Developmental Psychology; Linguistic Relativity; Language Acquisition; Perception of Causality
You Guanghao, Bickel Balthasar, Daum Moritz M., Stoll Sabine (2021), Child-directed speech is optimized for syntax-free semantic inference, in Scientific Reports
, 11(1), 16527-16527.
Ger Ebru, Stuber Larissa, Küntay Aylin C., Göksun Tilbe, Stoll Sabine, Daum Moritz M. (2021), Influence of causal language on causal understanding: A comparison between Swiss German and Turkish, in Journal of Experimental Child Psychology
, 210, 105182-105182.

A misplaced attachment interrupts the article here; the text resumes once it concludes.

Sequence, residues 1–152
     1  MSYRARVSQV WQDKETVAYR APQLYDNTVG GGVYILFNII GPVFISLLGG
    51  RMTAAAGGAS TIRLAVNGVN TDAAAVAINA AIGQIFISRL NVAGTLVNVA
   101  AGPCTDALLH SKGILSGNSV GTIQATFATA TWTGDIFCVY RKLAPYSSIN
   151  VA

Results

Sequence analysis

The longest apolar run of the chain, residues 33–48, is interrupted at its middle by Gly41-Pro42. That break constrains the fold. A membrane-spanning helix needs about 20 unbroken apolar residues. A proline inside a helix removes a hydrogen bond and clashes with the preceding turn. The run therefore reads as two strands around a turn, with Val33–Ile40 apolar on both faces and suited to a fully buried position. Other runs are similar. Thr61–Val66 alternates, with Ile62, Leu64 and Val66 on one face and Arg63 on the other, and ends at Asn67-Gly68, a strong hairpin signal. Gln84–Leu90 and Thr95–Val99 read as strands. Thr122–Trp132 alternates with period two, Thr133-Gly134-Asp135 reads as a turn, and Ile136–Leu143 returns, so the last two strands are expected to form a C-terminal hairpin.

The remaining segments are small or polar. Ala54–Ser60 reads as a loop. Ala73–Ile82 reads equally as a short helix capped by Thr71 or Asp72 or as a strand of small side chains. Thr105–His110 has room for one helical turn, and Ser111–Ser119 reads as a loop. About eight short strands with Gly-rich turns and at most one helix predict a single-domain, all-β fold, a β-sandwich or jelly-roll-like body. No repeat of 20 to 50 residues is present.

Causality is an ubiquitous feature of human cognition and communication. Causality is universally expressed in human languages but it is particularly intriguing for learning because causes of events cannot be directly perceived but rather need to be inferred. From early on in ontogeny infants focus on the causality of events. One of the unsolved questions is how children learn about the interpretation and expression of such causal events in becoming a native speaker of their language. Causality is expressed very differently in the languages of the world and a controversially discussed research question is whether language acquisition is driven by language-specific features of the input or by universal principles. The goal of this project is to contribute to this question. To achieve this goal we combine a large-scale cross-linguistic corpus study with an experimental study. This allows us to learn both about the natural use of causatives and test in detail which variables might be relevant for the learning of causatives. In the corpus-study we analyse the learning of causatives in children age 2-3 in longitudinal corpora of 9 languages of very different grammatical structures (ACQDIV corpus). This allows us to systematically track the development of causatives in languages with different causative marking (morphological, lexical and periphrastic) and correlate the development to the input.To systematically test variables relevant for the understanding of causation and assess whether children apply similar hypotheses about causality dependent or independent of their language we will use a cross-linguistic experimental approach. We compare two typologically unrelated languages, with different marking of causatives, namely Swiss German and Turkish. In Swiss German causality is mainly expressed lexically, (sitzen ‘sit’ vs. setzen ‘to seat’ vs. ‘to put’) while in Turkish, causality is mainly expressed morphologically with an affix added to non-causative verbs (unutmak ‘to forget’ vs. unutturmak ‘to make forget’). To assess the extent to which children’s understanding changes in the early phase of grammar learning (age 2-3), and to establish whether there are differences in the two languages, we conduct three experiments. We systematically control for the following three features: (i) intentionality, (ii) animacy, and (iii) physical contact, which have been established by a number of developmental studies to contribute to the early perception of causality. The experimental set-up uses a combined eye-tracking and pointing paradigm that allows measuring both implicit looking data and explicit pointing data. Since there is considerable variation in early linguistic development the individual competence of each child will be assessed using a CDI (MacArthur-Bates Communicative Development Inventories, Fenson et al., 1993), parental reports to assess language comprehension and production in the respective Swiss-German and Turkish versions. If language is the major driving force right from the beginning Turkish children should behave differently from their Swiss German counterparts. We expect that Swiss-German children rely longer on the three features relevant in infant perception of causality than Turkish children, who will have a clear-cut marker of causality, which potentially facilitates the adaption to the adult system.This project will contribute substantially to the question about the driving factors of language acquisition and to the overall question of linguistic relativity. It is interdisciplinary (involving developmental psychology, linguistics and computational linguistics) and intercultural in analysing typological different languages learned by children from different cultural background with a focus on three areas of language development: 1) early concepts of causality, 2) early comprehension of causative (transitive) sentence structures and grammatical cues, and 3) interaction between the development of causality concepts and first language acquisition.